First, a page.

I was recently asked how a designer can make sure the colors on the screen and the colors on the printer are the same. The hard and short answer is a glowing screen and a printed piece of paper will never look quite the same. They are two different mediums. If you look around you on a typical day, you will also notice lit up signage, billboards, vehicles, packaging, and clothing. Many of those are also produced using a color match system. If you take one color, even a color system matched color, it will not look exactly the same to the naked eye across difference materials.
A computer screen can display millions of colors, many of which cannot be reproduced by a printer. Until recently, this was also an issue in web design, where colors would be way different from monitor to monitor. Advances in video cards and other physical components of computers as well as software in browsers have made that largely not an issue anymore. Which is a good thing because oh my god the color options we had then.
What is Color Theory?
It is a scientific theory about where color comes from and how it is classified and defined. It is a system for creatives to use when choosing color. There is a lot more too it, books and books worth, that we will talk about next time in more detail.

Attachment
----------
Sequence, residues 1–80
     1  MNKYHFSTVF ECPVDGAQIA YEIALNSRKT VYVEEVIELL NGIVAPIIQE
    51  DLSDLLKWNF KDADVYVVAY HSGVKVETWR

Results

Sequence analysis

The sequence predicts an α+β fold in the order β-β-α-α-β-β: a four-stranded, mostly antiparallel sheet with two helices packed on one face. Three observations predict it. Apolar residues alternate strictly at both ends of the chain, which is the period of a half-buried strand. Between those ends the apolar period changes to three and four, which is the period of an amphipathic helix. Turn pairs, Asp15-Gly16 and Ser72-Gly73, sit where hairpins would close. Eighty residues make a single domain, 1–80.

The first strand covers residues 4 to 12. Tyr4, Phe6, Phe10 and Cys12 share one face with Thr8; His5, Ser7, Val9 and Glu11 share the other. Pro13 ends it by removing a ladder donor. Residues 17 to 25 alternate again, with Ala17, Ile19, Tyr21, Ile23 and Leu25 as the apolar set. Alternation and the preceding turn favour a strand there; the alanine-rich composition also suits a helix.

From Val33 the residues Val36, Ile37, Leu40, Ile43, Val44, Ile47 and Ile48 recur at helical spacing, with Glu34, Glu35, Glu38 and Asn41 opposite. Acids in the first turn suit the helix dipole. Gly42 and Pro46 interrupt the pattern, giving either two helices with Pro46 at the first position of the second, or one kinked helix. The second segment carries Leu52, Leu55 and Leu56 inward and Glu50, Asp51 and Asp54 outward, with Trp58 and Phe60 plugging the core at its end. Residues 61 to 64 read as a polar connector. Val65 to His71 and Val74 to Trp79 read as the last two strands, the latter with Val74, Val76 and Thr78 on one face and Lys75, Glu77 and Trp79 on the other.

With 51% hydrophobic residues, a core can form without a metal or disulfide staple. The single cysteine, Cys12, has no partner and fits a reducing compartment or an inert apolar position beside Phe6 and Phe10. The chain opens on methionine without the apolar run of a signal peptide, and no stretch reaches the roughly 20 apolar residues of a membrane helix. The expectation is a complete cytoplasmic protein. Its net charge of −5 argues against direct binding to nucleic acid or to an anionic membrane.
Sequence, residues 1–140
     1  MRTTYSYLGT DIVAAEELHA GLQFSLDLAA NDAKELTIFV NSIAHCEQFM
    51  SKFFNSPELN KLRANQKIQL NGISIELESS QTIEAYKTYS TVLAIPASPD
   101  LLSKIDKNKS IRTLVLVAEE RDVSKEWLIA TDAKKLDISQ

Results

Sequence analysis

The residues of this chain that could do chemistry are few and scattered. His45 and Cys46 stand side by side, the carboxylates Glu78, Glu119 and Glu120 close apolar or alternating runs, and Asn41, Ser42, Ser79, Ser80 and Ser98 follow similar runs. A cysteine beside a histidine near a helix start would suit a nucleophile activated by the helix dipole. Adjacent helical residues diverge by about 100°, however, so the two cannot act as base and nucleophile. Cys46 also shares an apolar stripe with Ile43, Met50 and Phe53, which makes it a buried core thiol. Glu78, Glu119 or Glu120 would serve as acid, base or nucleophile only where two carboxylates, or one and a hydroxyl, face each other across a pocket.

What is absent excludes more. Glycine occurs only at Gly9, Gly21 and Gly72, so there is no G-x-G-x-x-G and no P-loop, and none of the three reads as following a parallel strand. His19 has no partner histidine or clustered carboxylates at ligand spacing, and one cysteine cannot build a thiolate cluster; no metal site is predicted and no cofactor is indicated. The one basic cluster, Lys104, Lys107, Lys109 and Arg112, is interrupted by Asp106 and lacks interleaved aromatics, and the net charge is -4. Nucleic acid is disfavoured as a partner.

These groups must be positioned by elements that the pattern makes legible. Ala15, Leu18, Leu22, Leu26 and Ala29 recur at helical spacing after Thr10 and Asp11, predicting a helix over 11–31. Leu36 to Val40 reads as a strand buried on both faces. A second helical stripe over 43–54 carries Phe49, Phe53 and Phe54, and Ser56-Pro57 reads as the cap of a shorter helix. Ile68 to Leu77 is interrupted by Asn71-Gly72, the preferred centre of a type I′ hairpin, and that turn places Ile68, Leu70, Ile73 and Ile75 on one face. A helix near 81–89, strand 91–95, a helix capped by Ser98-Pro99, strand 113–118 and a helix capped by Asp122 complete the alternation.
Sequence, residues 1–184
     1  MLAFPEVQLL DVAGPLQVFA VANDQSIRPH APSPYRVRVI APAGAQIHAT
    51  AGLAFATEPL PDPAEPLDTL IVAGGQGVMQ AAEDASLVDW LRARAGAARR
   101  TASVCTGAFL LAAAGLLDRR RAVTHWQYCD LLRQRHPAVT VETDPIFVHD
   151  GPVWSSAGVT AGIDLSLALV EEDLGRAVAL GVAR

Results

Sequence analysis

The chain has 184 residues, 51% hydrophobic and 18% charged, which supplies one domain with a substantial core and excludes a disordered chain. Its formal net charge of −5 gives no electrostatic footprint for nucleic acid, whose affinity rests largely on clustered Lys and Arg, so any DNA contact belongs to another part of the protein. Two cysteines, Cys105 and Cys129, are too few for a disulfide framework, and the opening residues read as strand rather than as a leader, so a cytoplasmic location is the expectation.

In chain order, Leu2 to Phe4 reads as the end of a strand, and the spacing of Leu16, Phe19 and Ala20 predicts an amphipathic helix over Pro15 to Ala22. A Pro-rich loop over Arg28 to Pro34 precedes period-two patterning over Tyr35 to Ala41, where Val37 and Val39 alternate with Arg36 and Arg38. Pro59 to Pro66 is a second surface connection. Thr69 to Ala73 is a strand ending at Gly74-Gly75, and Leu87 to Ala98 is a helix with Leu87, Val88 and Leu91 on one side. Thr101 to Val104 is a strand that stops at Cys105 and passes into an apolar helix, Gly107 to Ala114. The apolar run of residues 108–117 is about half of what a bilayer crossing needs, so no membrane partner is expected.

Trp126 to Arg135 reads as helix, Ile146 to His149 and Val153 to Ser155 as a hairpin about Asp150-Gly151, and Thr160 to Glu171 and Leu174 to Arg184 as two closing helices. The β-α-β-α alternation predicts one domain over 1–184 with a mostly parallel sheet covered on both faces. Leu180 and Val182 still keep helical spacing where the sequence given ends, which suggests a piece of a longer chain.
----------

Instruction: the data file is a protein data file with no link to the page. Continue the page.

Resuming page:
What Color Theory Isn’t
It does not keep you from screwing up screen to print colors. It doesn’t tell you whether a color will be the right choice for you or how many or which ones to pick. It is more like a framework for you to use to create your own guidelines to follow. While you can use different color rules such as triad and compound to choose colors, you may find yourself frustrated that you keep picking the same ones after a while.
Okay, you say, that’s great and all but I still have a problem. How do I get this client piece to match on screen and printed as closely as possible?. Depending how critical the color match is, there are a couple of ways to go about this.
Color Matching Comparison – Color Systems vs. Eyedropper Mayhem
Let’s take a look at a common situation by pulling up a screen grab I made showing a color swatch chosen from a digital Pantone swatch book versus one from the eyedropper tool in PhotoShop. I used PMS 012 U, from the uncoated color book.
When we compare them side by side, we can quickly see the Pantone system color is a bit darker, though they are both in the top area of the digital preview window. The Pantone swatch is darker, even though I made the eyedropper swatch from a screen grab of a Pantone swatch. They have almost the same amount of red. The Pantone swatch has almost half the amount of blue the eyedropper swatch does. This is a significant difference, one you will notice if you print them both out side by side. The Pantone System color has an out of gamut warning, which could make things interesting depending on the color specification settings when you output the file locally instead of with a professional printer. Remember to also check the color mode you are in when looking at differences in color settings for a file.
Pantone Color Matching